The Government has recently announced that it will implement a number of important changes to the Tier 2 regime, the migration route for those undertaking skilled work in the UK. The reforms are based on recommendations made by the Migration Advisory Committee (“MAC”) following its review earlier this year. The MAC was tasked with striking a balance between reducing reliance on non- EEA skilled workers whilst also supporting growth and productivity.
The majority of the MAC’s changes were adopted by the Government but importantly some of the more protectionist measures were rejected.
Nevertheless, the changes are likely to have a significant impact on employers and will certainly make recruiting from abroad more costly.
The new rules will be implemented in two stages, the first in Autumn 2016 and the second in April 2017, allowing a transitional period for affected migrants to plan for the changes.
Changes to Tier 2 (General)
- Currently Tier 2 (General) imposes minimum salary thresholds if an employer wishes to recruit experienced workers. These thresholds will increase to £25,000 in Autumn 2016 and to £30,000 in April 2017. Certain roles which face recruitment challenges such as nurses, paramedics and mathematics teachers will be exempt from the increase. The new entrant threshold will remain at £20,800.
- From Autumn 2016, applications for restricted certificates of sponsorship from those who have graduated from UK universities will be given priority. Graduates will also be able to switch roles within a company once they have secured a permanent role at the end of their training programme.
- From April 2017, applications for restricted certificates of sponsorship where there is a relocation of high value business to the UK or where inward investment is supported, will be prioritised and will also be exempt from the Resident Labour Market Test (“RLMT”)
- Nurses will remain on the Shortage Occupation List but employers will need to carry out the RLMT before recruiting a non-EEA nurse.
Changes to Tier 2 (ICT)
This route (currently consisting of four sub categories) will be streamlined and simplified to create a one category route with an increased annual salary threshold.
- In Autumn 2016, the salary threshold for the ICT Short Term route will be increased to £30,000 and the ICT Skills Transfer route will be abolished.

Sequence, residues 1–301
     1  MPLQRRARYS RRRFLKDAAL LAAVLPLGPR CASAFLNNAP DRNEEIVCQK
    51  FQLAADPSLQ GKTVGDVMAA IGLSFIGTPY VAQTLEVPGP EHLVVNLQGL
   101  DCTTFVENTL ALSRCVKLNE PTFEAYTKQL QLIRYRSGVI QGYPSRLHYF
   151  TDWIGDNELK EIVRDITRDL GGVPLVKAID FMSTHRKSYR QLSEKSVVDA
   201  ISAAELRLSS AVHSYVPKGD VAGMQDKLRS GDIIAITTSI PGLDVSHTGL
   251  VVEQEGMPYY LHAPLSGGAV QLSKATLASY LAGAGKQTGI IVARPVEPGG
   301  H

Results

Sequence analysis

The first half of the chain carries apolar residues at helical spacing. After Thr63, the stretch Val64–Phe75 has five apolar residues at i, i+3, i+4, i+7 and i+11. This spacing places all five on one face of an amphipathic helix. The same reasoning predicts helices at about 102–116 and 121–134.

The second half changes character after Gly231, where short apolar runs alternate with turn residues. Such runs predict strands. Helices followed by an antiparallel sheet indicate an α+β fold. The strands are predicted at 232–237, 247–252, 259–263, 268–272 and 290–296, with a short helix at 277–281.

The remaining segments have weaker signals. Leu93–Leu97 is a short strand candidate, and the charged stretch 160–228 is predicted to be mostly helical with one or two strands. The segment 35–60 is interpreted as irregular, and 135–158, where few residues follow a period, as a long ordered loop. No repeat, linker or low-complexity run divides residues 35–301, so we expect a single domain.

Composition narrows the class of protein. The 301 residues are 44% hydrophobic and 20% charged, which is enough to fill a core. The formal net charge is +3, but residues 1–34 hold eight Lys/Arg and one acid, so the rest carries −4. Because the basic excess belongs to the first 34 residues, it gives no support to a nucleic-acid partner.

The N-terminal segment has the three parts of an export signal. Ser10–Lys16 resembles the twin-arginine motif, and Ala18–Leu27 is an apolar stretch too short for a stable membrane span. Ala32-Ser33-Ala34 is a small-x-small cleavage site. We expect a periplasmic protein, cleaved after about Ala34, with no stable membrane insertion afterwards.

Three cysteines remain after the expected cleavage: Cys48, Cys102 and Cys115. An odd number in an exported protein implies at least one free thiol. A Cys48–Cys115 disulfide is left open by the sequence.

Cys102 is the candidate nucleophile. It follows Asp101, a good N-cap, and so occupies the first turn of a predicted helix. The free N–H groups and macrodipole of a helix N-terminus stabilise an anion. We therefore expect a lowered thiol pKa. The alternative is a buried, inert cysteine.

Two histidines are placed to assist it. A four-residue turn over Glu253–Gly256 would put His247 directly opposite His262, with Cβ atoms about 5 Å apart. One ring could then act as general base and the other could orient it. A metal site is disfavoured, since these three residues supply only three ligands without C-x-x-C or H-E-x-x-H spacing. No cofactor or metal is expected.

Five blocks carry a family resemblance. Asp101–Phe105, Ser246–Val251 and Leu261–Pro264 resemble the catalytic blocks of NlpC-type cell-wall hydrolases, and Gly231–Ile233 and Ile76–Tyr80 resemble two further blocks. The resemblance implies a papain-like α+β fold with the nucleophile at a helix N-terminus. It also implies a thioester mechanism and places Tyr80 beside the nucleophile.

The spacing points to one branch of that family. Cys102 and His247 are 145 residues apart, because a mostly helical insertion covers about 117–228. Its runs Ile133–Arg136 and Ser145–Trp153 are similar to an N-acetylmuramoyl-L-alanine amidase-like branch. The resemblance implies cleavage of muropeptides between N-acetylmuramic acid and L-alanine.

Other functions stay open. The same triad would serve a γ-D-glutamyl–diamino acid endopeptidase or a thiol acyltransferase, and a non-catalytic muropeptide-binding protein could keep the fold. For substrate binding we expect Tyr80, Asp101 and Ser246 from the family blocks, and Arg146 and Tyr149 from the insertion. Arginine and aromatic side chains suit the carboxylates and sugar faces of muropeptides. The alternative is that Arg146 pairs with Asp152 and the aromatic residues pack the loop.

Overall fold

- In April 2017, the ICT Short Term route will be abolished, after which all Tier 2 ICT migrants (except Graduate Trainees) will have a salary threshold of £41,500.
- The ICT Graduate Trainee minimum salary threshold will be reduced in Autumn 2016 from £24,800 to £23,000 per year and the number of places available will be increased from 5 to 20 per year.
- From Autumn 2016, Tier 2 (ICT) migrants will be required to pay the Immigration Health Surcharge (IHS)
- From April 2017, long term migrants who earn over £73,900 will be exempt from the requirement of having 12 months experience with their overseas company before they can apply for ICT sponsorship.
- Employers will be relieved to hear that the MAC’s initial recommendation for the qualifying service period for Long Term ICT to be increased from 12 to 24 months has not been implemented.
- From April 2017, for those long term migrants who wish to stay in the UK between 5 and 9 years, the salary threshold will be reduced from £155,300 to £120,000.
- There are plans to change the amount and type of allowances which can count towards the minimum salary threshold. A review is currently taking place and we await further details.
Across Both Tier 2 Categories
Introduction of the Immigration Skills Charge (“ISC”)
From April 2017, an ISC of £1,000 per year will be payable by Tier 2 employers for every person they recruit from outside the EU. For small employers and charitable sponsors, a reduced rate of £365 per person, per year will apply. There will be exemptions for those in PHD roles, Tier 2 (ICT) Graduate Trainees and Tier 4 to Tier 2 switchers.
The Government is now consulting on the specific details of the proposed changes and is encouraging employers to participate in the consultation. More details will be published in due course. However, employers who currently sponsor (or are planning to sponsor) non-EEA migrants under the Tier 2 system should start reviewing their recruitment, HR and mobility policies to ascertain what impact the proposed changes will have on their strategy.
Boyes Turner’s Business Immigration Group will be looking at these changes in more detail in a free seminar at our offices on 24 May 2016. Please register at our website. We hope you can join us.
For advice on how the changes to Tier 2 may affect your business or to find out more about how the business immigration team can help you, please contact the team on [email protected] or ring 0118 952 72984.
Consistent with our policy when giving comment and advice on a non-specific basis, we cannot assume legal responsibility for the accuracy of any particular statement. In the case of specific problems we recommend that professional advice be sought.